• Would you have a small chuckle to yourself and ignore the situation in the hope that your managerial colleagues were suffering as much as you were?
  • Immediately spot an opportunity to embarrass a colleague by blaming them for the indiscretion in the hope that the MD would look favourably on you for unmasking a possible weakness in the alleged offender;
  • Point to the real culprit and ask him to explain the reason for his insubordinate behaviour and highlight the errors of his parents in not providing a decent and respectful upbringing;
  • Find out which department the individual worked for, contact his boss and suggest a posting to a one-man department;
  • Hold your breath and punch the button for the next floor.


Fortunately, no one uttered a word, probably in fear of inhaling the mixture but in unison and without hesitation, all 5 individuals turned and blessed me with their most accusatory and disgusted look.

Dear God I begged, if you have any compassion for me let me drop through the floor. Obviously, I was not due any special favours as the floor stayed where it was and so did I, cringing in embarrassment.

Is it possible that you can be embarrassed for the same infringement twice in the space of 60 seconds?


Because the elevator stopped on the very next floor and in stepped my coup de grâce.

Mid thirties, crew cut, bulging muscles desperately trying to free themselves from tight fitting clothes and with a truckload of self-confidence and arrogance. You know the type.

The wonder boy who steps into the room at the office party and immediately attracts the attention of everyone, just as you were about to drop the punch line of your carefully memorised joke about senior management to your co-workers. You are left unfulfilled and open mouthed as your audience rushes over to the man of the moment in the hope of being the first to receive his public anointment.

“Good God!” he exclaimed, “who dropped that one?”

Glancing around at the occupants of what had now become, for me anyway, a torture chamber, his eyes came to rest on me, standing isolated in my favourite corner being on account that the other 5 occupants had immediately pulled as far away from me as the confined space allowed.

“Man, you need to see a doctor”, he said pointing his finger at me, which I thought was unnecessarily aggressive considering I was the only one in the corner and there really was no need to publicly point me out.

With hands on hips, which went along with the rest of the well-rehearsed managerial stance, he peered into my terrified face, “which department do you work for?” he demanded to know.

“Masonry”, I stammered, having had no idea where the word came from, it just popped into my head. In fact, I was employed in the Commercial department at the time, a piece of information I decided should best be kept to myself, even under threat of a public flogging.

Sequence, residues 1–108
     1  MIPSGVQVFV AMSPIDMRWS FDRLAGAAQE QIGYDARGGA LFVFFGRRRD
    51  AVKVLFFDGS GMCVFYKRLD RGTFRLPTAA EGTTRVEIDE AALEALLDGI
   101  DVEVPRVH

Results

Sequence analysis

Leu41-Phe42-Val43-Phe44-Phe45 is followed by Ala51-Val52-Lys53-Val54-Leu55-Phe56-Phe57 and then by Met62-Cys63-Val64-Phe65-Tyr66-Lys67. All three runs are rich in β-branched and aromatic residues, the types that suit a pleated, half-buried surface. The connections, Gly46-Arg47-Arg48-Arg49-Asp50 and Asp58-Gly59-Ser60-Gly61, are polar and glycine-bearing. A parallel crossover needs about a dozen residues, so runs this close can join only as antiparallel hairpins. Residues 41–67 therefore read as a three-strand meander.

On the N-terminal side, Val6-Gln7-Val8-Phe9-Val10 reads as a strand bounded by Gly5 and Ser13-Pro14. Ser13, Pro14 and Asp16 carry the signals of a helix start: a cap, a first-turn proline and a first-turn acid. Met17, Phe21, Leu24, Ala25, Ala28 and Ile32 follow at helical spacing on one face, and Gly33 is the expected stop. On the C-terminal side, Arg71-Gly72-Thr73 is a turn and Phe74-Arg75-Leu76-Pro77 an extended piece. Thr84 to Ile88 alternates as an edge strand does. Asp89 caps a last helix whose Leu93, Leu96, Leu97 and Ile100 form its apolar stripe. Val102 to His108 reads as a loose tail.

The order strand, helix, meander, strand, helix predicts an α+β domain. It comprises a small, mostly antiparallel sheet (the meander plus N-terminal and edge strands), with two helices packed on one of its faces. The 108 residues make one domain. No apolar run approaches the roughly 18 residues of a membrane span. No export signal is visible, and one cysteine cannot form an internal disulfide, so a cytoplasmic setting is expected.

With a look of complete astonishment on his face, he glanced over his shoulder and asked no one in particular, “do we even have a masonry department?”

The thought, now you do, flashed through my head but fortunately went no further.

Before the abuse could continue, the elevator stopped and the doors opened on the 9th floor. I almost cried with relief.

Finally, my escape.

My tormentor, who turned out to be the Group Financial Director, was not going to allow me to slink off into obscurity without further public humiliation.

Stepping into a busy reception area, he bellowed, “don’t use this elevator, that young guy”, pointing at me, again, “dropped a you know what, and it’s now a no-go area”. Of course, everyone within earshot turned to see who this depraved idiot was that had the temerity to assault one of the executive elevators.

My life was ruined. I would forever be known as the employee who defiled the executive building elevator. My promotion prospects had just gone up in a puff of greenish tinted fog.

Finally, to my everlasting relief, the elevator doors closed automatically, I pushed Ground and in a state of near collapse was favoured with an incident free ride to the ground floor.

After walking around the concourse area for a while in the hope of removing the awful stench from my clothes, I managed to persuade the security officer at the front desk to deliver the envelope for me. I was never going back to the 9th floor.

As for Judy, I never saw her again or found out what her name was but the incident remains engraved in my memory as though it happened yesterday, and although recollection of the exact dialogue may be a bit fuzzy, the events are crystal clear in my mind as is the humiliation.

Featured image: Courtesy of Flickr by philon